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Instant Analysis: Triangle Capital Corporation Slashes its Dividend

By Jordan Wathen - May 4, 2016 at 6:47PM

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The lower middle-market lender and equity investor slashed its quarterly dividend by nearly 17%.

What's happening?
Small business financier Triangle Capital Corporation (NYSE: TCAP) announced that it would slash its quarterly dividend from $0.54 per share to $0.45 per share. This is the first-ever decrease in the company's quarterly dividend since the firm went public in 2007. 

Does it matter?
Given that business development companies like Triangle Capital are all about yield, I'd certainly say so.

Note that Triangle Capital's dividend policy is to pay a dividend income based on recurring income, and distribute any non-recurring income from capital gains as a supplemental dividend. A reduction in its routine quarterly dividend is a strong signal the company's expects weaker earnings power going forward.

Date

Quarterly dividend per share

2015

$0.59 (included $0.05 of supplemental dividends)

2016 (Q1 only)

$0.54

2016 (so far, only Q2)

$0.45

Source: Google Finance, Company Investor Relations

The company announced that the dividend cut had to do with declining spread income it earned on its debt investments. "Since 2013, the market pricing for our type of investments has changed from 14%-15% to 11%-13%," noted company President and CEO, Ashton Poole, in a press release.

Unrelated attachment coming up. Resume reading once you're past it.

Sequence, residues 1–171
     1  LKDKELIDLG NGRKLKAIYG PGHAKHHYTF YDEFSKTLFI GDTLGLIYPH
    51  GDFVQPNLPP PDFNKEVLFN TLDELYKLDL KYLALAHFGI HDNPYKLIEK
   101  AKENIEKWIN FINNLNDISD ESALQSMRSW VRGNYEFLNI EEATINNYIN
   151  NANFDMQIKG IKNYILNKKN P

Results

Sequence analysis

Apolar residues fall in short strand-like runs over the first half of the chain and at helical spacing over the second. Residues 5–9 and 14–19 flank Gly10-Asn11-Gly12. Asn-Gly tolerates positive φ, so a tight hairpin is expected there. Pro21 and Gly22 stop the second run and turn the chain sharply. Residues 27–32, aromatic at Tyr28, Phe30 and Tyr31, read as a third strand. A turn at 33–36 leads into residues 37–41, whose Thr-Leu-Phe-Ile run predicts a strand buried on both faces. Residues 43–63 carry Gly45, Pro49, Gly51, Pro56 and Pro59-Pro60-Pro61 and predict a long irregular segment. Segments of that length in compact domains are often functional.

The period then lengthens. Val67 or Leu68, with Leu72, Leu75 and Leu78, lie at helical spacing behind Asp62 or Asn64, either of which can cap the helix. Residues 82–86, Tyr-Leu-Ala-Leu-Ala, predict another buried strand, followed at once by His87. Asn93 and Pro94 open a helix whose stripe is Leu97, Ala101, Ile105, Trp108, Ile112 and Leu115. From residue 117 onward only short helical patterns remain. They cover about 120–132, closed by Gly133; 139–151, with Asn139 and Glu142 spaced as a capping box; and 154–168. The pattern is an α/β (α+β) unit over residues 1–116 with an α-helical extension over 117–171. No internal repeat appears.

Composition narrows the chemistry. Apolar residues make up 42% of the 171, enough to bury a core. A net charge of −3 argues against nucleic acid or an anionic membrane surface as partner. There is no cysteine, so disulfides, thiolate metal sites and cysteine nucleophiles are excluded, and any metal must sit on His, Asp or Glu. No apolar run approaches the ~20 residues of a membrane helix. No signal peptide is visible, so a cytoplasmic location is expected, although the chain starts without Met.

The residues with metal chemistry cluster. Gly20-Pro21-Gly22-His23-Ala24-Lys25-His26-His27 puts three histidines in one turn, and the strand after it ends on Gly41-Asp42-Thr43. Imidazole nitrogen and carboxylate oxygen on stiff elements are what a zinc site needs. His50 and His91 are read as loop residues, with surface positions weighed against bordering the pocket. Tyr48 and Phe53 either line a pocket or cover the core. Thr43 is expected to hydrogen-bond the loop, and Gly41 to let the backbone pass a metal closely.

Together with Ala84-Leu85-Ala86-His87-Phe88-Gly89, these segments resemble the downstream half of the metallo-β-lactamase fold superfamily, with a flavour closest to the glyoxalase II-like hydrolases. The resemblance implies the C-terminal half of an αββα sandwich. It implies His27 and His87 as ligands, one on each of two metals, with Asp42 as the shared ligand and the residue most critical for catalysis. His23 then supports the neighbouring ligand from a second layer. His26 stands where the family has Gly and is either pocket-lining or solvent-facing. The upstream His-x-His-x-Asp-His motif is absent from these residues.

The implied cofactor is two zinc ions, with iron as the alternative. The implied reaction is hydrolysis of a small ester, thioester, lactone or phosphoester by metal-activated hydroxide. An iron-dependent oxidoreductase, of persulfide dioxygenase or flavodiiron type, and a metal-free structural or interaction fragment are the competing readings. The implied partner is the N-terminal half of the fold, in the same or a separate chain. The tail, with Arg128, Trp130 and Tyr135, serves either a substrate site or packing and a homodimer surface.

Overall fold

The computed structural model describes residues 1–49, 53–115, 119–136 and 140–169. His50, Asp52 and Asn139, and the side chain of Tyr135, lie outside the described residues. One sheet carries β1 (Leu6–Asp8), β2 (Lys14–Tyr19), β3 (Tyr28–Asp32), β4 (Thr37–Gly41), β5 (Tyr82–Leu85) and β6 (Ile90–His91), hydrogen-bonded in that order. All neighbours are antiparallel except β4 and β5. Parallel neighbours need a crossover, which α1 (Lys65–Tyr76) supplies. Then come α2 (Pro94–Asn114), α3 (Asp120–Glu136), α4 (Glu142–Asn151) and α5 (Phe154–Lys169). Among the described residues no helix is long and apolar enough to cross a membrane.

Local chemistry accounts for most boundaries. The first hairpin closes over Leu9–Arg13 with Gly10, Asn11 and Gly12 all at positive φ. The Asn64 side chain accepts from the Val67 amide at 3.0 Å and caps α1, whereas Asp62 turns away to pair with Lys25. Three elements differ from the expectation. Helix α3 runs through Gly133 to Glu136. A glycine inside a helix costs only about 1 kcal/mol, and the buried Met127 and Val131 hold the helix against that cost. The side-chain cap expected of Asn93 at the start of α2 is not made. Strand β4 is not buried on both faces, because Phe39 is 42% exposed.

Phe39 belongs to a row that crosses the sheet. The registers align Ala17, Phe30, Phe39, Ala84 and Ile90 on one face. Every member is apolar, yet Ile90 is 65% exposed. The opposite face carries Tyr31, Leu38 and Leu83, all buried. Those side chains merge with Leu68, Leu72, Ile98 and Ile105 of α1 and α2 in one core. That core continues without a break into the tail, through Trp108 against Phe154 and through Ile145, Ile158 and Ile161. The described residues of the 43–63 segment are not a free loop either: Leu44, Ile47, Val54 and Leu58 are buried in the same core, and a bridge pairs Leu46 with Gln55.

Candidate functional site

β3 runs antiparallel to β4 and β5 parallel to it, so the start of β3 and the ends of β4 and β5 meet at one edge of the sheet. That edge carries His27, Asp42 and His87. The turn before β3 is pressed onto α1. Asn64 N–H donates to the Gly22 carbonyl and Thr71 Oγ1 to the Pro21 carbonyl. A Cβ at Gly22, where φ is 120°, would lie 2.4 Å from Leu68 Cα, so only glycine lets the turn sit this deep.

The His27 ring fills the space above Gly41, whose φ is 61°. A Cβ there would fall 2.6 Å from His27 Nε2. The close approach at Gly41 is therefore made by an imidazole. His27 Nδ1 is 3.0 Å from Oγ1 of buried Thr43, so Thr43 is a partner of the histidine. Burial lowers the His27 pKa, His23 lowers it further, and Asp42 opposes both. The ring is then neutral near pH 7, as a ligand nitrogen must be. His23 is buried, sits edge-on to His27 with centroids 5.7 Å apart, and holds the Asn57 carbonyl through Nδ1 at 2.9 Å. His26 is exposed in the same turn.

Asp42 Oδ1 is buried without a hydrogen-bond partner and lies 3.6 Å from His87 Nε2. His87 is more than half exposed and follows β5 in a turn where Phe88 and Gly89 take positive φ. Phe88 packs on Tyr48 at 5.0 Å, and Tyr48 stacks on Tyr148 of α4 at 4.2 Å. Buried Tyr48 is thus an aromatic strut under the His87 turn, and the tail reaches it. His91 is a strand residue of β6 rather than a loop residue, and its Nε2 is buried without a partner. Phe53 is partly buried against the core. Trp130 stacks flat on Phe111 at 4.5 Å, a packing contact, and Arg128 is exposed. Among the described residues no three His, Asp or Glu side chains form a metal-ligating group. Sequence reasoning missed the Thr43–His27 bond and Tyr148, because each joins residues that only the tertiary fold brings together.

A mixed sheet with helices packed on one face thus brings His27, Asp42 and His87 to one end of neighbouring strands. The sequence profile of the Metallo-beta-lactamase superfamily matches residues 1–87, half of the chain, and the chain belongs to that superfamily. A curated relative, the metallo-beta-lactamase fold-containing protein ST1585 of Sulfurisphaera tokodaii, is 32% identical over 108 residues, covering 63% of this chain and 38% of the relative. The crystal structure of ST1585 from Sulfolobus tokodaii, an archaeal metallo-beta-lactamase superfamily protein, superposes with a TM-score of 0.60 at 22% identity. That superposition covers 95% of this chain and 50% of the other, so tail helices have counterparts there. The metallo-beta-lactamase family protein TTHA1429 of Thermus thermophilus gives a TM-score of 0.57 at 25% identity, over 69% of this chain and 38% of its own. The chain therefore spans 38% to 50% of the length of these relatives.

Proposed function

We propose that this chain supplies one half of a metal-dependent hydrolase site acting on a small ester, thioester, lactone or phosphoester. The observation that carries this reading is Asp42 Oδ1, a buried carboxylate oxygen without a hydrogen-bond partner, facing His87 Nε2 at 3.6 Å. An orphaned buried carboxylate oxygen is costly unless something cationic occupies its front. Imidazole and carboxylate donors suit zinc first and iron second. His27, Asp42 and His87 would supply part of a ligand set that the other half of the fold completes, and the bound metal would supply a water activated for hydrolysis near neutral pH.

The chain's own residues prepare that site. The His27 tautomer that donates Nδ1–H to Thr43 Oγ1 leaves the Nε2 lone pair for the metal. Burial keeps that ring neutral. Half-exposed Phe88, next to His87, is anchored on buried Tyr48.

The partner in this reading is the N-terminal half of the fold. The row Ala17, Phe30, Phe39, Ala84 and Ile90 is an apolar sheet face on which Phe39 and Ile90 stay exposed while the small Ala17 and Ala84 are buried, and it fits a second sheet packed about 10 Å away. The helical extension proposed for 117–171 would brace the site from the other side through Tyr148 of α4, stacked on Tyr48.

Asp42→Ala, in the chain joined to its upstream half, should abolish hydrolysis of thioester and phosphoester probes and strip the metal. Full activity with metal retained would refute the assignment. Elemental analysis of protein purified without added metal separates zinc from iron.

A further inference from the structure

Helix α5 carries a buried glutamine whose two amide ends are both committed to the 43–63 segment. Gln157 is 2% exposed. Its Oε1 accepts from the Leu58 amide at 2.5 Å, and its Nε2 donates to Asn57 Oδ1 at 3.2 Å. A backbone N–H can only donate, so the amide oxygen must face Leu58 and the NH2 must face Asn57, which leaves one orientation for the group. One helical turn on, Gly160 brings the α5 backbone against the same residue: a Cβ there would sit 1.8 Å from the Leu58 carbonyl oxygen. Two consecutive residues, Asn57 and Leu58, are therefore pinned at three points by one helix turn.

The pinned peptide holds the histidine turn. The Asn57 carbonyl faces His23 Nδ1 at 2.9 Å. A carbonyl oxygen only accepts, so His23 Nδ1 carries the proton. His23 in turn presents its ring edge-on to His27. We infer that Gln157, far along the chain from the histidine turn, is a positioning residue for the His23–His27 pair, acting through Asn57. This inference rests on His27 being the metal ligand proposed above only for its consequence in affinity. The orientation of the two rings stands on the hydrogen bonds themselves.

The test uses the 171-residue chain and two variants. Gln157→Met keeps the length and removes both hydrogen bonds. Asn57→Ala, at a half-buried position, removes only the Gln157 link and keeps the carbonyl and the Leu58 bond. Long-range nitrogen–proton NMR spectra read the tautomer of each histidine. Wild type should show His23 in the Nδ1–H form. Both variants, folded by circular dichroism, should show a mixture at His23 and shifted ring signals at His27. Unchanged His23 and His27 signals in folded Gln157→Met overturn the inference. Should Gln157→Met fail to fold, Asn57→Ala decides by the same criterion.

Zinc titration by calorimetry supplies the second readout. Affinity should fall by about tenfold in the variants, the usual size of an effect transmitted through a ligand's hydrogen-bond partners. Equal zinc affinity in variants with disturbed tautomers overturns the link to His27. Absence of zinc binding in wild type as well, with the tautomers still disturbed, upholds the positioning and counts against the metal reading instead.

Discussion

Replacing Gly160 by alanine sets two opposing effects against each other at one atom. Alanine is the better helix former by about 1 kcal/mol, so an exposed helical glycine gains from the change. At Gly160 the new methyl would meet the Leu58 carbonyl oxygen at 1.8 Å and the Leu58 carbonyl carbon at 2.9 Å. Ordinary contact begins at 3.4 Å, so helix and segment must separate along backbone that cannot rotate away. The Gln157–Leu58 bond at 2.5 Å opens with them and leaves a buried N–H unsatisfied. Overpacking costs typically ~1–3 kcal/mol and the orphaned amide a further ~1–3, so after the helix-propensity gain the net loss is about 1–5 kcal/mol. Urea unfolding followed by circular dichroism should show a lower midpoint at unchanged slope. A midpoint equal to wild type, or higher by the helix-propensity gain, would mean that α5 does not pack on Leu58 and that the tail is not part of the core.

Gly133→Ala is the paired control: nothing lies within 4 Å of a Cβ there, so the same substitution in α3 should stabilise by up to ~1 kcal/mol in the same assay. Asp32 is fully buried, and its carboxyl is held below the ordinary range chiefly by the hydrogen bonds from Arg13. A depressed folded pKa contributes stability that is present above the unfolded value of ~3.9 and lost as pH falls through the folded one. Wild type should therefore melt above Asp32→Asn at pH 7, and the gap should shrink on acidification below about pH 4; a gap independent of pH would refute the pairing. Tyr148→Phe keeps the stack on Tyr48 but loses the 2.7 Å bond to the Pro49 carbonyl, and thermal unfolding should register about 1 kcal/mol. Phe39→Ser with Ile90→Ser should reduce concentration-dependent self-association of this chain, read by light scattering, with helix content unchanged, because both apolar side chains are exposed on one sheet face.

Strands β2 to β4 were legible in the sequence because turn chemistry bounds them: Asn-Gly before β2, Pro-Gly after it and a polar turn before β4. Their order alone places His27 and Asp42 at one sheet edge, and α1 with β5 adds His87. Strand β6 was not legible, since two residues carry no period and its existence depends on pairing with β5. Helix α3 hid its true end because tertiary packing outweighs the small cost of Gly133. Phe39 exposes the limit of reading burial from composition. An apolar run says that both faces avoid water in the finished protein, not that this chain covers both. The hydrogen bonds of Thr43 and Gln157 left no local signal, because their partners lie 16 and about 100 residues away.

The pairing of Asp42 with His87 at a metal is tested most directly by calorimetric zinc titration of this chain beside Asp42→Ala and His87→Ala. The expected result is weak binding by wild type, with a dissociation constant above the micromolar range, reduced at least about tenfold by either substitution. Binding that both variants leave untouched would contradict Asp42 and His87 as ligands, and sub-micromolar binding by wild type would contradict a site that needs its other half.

Triangle Capital's routine earnings power has been in decline for some time. The company reported earning just $0.29 per share in operating income in the first quarter of 2016, or $0.45 per share when adjusted for one-time retirement benefits paid to former CEO Garland Tucker.

Note that results were also negatively affected by the reversal of about $0.04 per share in dividend income previously recorded in 2015. Add that back to adjusted net investment income of $0.45 per share and it appears that Triangle Capital's steady-state earnings power is closer to about $0.49 per share, per quarter. The first quarter is seasonally light for origination volume, and thus a good representation of Triangle Capital's recurring earnings power.

Resetting the dividend is unfortunate, but necessary. The company's balance sheet shows about $7.6 million (about $0.22 per share) of investment income earned in excess of distributions at the end of the first quarter, down significantly from $16.1 million last quarter.

This dividend cut should help the company build a bigger buffer for future distributions, but it seems likely the market will show its disappointment and reprice the stock for the new dividend in Thursday's trading.

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